While CVTs take a bit of getting used to, the engineers are doing a lot to make them endearing. The Saturn SUV will have upshift-downshift buttons on the steering wheel that drivers can tap when they're feeling nostalgic for the discrete gear ratios of yore. The CVT's control chip will respond by adjusting the pulley diameters to preset ratios stored in its memory. Otherwise the CVT will follow its own muse, selecting the most fuel-efficient ratio as conditions vary.

The fuel-efficiency gains that a CVT delivers come from improving the fluid dynamics of the engine's breathing. Gasoline engines inhale air through an intake manifold that contains a round, pivoting plate called a butterfly valve. Stepping on the gas pedal opens the plate, admitting more air, which the fuel-injection system complements with gasoline, causing the engine to rev up. At idle speed and at low throttle, however, the constriction caused by the narrow opening inhibits the air flow, causing what are called pumping losses. With its clever electronic control system, the CVT forever juggles gear ratios to let the engine run at wider, more efficient throttle openings where pumping losses go down, while keeping rpms relatively low to save fuel.

Part of the trick involves using a throttle-by-wire setup instead of a direct mechanical linkup between the driver's foot on the gas pedal and the throttle plate. A control chip, which considers various factors including engine speed, vehicle speed, and how far and abruptly the driver has pushed the gas pedal, instructs an electrical actuator that moves the plate. The CVT is yet another in a series of automobile control mechanisms that have benefited from today's cheap, smart microprocessors.

CVT control chips can be programmed with different "ratio maps" to suit the driver's mood. For example, when a rapid and deep push on the gas pedal signals that the driver wants to sprint, the chip consults a performance-ratio "map" in its memory that temporarily sacrifices efficiency for acceleration by letting the engine rev faster. Once at cruise speed, the chip reverts to a fuel-saving map. I drove a CVT-equipped Honda SUV called the HRV, which is sold in Japan and Europe. It has steering-wheel buttons that allow the driver to choose sport or cruise modes. They're fun to switch back and forth.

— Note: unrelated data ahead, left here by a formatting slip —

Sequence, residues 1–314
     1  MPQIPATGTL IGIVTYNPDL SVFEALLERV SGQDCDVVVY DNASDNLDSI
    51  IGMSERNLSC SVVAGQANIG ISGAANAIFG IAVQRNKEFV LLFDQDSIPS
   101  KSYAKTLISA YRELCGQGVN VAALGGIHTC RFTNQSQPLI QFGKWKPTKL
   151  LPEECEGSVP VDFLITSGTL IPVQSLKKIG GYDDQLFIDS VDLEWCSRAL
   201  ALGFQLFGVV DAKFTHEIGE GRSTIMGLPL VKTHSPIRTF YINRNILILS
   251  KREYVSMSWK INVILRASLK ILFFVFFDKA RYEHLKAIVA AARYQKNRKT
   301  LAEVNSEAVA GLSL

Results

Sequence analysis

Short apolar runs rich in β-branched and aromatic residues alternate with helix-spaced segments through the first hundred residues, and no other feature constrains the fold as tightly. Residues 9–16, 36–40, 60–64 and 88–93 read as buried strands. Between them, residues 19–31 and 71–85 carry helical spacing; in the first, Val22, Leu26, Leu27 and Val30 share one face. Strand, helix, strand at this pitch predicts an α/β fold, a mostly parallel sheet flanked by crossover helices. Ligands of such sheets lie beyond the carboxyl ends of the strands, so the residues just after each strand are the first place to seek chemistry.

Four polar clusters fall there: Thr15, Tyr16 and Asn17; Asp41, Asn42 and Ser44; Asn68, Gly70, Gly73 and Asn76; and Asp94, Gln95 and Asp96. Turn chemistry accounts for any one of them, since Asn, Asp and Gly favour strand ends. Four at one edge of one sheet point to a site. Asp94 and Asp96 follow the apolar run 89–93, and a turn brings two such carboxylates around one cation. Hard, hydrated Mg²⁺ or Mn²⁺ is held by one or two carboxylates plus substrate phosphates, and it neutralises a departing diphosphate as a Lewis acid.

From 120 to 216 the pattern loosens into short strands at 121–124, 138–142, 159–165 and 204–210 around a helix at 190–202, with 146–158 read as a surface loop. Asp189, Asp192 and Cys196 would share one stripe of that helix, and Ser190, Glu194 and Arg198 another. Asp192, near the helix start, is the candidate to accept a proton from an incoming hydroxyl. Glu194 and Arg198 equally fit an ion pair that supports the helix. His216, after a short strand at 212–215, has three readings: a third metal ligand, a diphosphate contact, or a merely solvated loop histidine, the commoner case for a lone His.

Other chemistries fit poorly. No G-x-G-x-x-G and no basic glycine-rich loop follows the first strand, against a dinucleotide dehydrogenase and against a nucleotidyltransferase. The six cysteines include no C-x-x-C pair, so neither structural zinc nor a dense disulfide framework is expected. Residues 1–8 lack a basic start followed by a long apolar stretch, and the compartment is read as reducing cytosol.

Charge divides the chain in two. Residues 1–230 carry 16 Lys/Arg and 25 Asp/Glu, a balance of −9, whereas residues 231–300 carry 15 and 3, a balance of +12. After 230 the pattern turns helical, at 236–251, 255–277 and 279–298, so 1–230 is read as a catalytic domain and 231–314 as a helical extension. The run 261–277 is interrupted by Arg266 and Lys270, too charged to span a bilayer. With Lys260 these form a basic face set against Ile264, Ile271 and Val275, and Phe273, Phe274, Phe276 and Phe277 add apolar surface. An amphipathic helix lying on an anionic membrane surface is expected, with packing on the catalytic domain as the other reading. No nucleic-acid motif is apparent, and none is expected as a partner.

Americans who itch to get behind the wheel of a CVT car right now can head to a Honda dealer and ask if there's a Civic HX coupe in stock. There probably won't be, as the company hasn't promoted the HX very well. But it has a nicely engineered Van Doorne-belt CVT that made it the first automatic-transmission car on the EPA's list of top ten fuel-economy champs. The recently unveiled next-generation Civic line continues to include a CVT model, which costs $200 more than a comparable car with a traditional automatic transmission. There have even been rumors that Honda may roll out a CVT-equipped motorcycle, which would be something different indeed.

Every car has a mechanism known as a launch device to connect the engine's spinning crankshaft with the transmission. Honda's Civic HX uses the most fuel-efficient launch device, which is a multiplate clutch pack that disengages when the car comes to a stop and idles, then hooks back up again when the driver steps on the accelerator. Karl Janovits, GM's chief CVT engineer, says he and his colleagues were willing to sacrifice a bit of fuel efficiency in exchange for a smoother launch from standstill than a clutch pack is able to deliver. Their launch device is the same type of torque converter used with conventional automatic transmissions.

To understand how a torque converter works, take a bagel and slice it the long way. Now scoop out the halves and put little dividers, or vanes, in them so they resemble circular ice-cube trays. That's what the two halves of a torque converter look like. In operation they face each other without touching in a bath of automatic transmission fluid, and as the driving half connected to the engine revs up, the swirling fluid drags along the driven half. This fluid-coupling device is the reason automatic-transmission vehicles have a slight forward creep at idle that Americans are fond of, as well as a creamy-feeling launch. GM thinks the CVT should feel the same way.

Aside from the progress Van Doorne has made with its belts and pulleys, the main development that's making CVTs viable today is a smart, fast electrohydraulic control system. Its key components are the microprocessor and a quiet-running, high-pressure hydraulic pump that can generate the pulley-clamping forces needed to keep the belt from slipping. "Today the system can change ratios quickly and ensure the durability of the belt and sheaves, which just cannot be allowed to slip," says Karla Berger, GM's CVT calibration manager, who predicts, "We are going to have a zero-maintenance transmission."

Like all CVTs, it will also have an unusually broad range between the highest and lowest multiples of engine speed to wheel speed. This provides both a strong launch and low engine rpms at cruising speed to improve fuel economy. In GM's CVT, the multiple will vary by a factor of 5.9 to 1. That compares with ratios of only 4.3 to 1 and 5.1 to 1, respectively, in the company's four- and five-speed automatics.